Chapter 2
Beyond the Classroom Walls: A Review of the
Evidence on Social
Networking Sites and Youth
Anton van Hamel and Rocci Luppicini
In the public imagination, social networking sites (SNS) have been branded as a
source of problems ranging from teenaged narcissism to replacing face time with close
friends to abduction by sexual predators. Yet despite the impulse on part of parents,
educators and policymakers to curb these risks, there is comparatively little empirical
research on how SNS is incorporated into the everyday lives of those 25 and under,
and the early findings are far from frightening. This research review compiles the ex-
tant, evidence-based literature on SNS from the USA and abroad to summarize what
is known about SNS and youth and point out gaps in the research base. The research
is discussed in terms of education in an increasingly digital world and the challenges
and opportunities this poses for educators.
he Challenge of Education in a Digital World
most popular SNS frequented by youth have been designed with a mostly rec-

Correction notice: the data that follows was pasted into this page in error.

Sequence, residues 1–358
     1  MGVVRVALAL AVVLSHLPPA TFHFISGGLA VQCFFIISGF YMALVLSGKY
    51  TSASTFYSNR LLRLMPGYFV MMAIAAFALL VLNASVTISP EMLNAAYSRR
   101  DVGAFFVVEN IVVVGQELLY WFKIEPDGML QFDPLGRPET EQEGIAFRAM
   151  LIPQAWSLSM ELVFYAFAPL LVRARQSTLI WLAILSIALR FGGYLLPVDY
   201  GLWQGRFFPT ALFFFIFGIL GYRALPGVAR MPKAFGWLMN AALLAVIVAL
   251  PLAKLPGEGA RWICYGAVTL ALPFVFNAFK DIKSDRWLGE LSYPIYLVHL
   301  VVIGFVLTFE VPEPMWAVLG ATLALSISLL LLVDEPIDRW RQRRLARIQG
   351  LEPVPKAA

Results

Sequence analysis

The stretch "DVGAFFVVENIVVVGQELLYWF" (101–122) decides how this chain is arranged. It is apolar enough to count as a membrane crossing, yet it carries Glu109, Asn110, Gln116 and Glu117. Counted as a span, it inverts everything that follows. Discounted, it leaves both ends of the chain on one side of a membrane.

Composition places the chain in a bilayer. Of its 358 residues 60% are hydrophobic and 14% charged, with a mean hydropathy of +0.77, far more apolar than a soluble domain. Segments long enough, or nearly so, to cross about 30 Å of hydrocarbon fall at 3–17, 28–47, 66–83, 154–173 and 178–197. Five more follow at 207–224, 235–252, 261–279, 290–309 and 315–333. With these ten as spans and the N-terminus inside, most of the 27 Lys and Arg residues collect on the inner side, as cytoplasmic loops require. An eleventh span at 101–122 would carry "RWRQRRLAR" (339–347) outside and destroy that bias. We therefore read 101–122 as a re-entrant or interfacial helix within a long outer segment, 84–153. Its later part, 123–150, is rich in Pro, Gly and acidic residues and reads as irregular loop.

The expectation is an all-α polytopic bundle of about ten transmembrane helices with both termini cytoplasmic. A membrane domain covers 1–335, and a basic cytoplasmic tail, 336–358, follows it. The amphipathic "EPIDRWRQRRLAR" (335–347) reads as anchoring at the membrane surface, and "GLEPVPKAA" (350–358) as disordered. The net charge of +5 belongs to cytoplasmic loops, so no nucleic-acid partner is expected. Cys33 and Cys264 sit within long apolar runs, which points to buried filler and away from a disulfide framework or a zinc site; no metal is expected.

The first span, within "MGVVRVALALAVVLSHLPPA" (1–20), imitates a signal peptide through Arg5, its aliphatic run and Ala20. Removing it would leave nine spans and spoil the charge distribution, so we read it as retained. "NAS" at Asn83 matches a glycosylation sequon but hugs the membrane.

reational use in mind. Nonetheless, the technology is relevant to educators. First and
foremost, SNS use appears to leap upwards for certain age groups defined around
entry into high-school and university (Lenhart, 2007). Secondly, even though the main
use for SNS among students is for leisure and socializing, there are trends which sug-
gest the technology may become an important tool in adults’ professional lives. This
review is meant to give an overview of what is currently known about youth and SNS
in order to dispel myths and fears so that educators can begin innovating ways to de-
ploy the technology productively.
Youth and S
Although the stages of adolesce
nce and emerging adulthood are periods of intense
psychological growth and development, they are distinguished from early childhood
development by their lack of linearity and their sensitivity to structuration (Coté, 2009;
Kuhn, 2009; Smetana & Villalobos, 2009). While biology determines much of the
intellectual growth of young children across cultures, by the time they reach ado-
lescence, pathways of development diverge. In contrast to theories of universal de-
velopment during adolescence proposed by Piaget, Erikson, and Kohlburg, empirical
research has failed to document a single, predictable trajectory for development during
this period. Indeed, many adults never achieve certain milestones like full formal oper-
ational thinking or complete identity achievement (Coté, 2009; Kuhn, 2009), yet they

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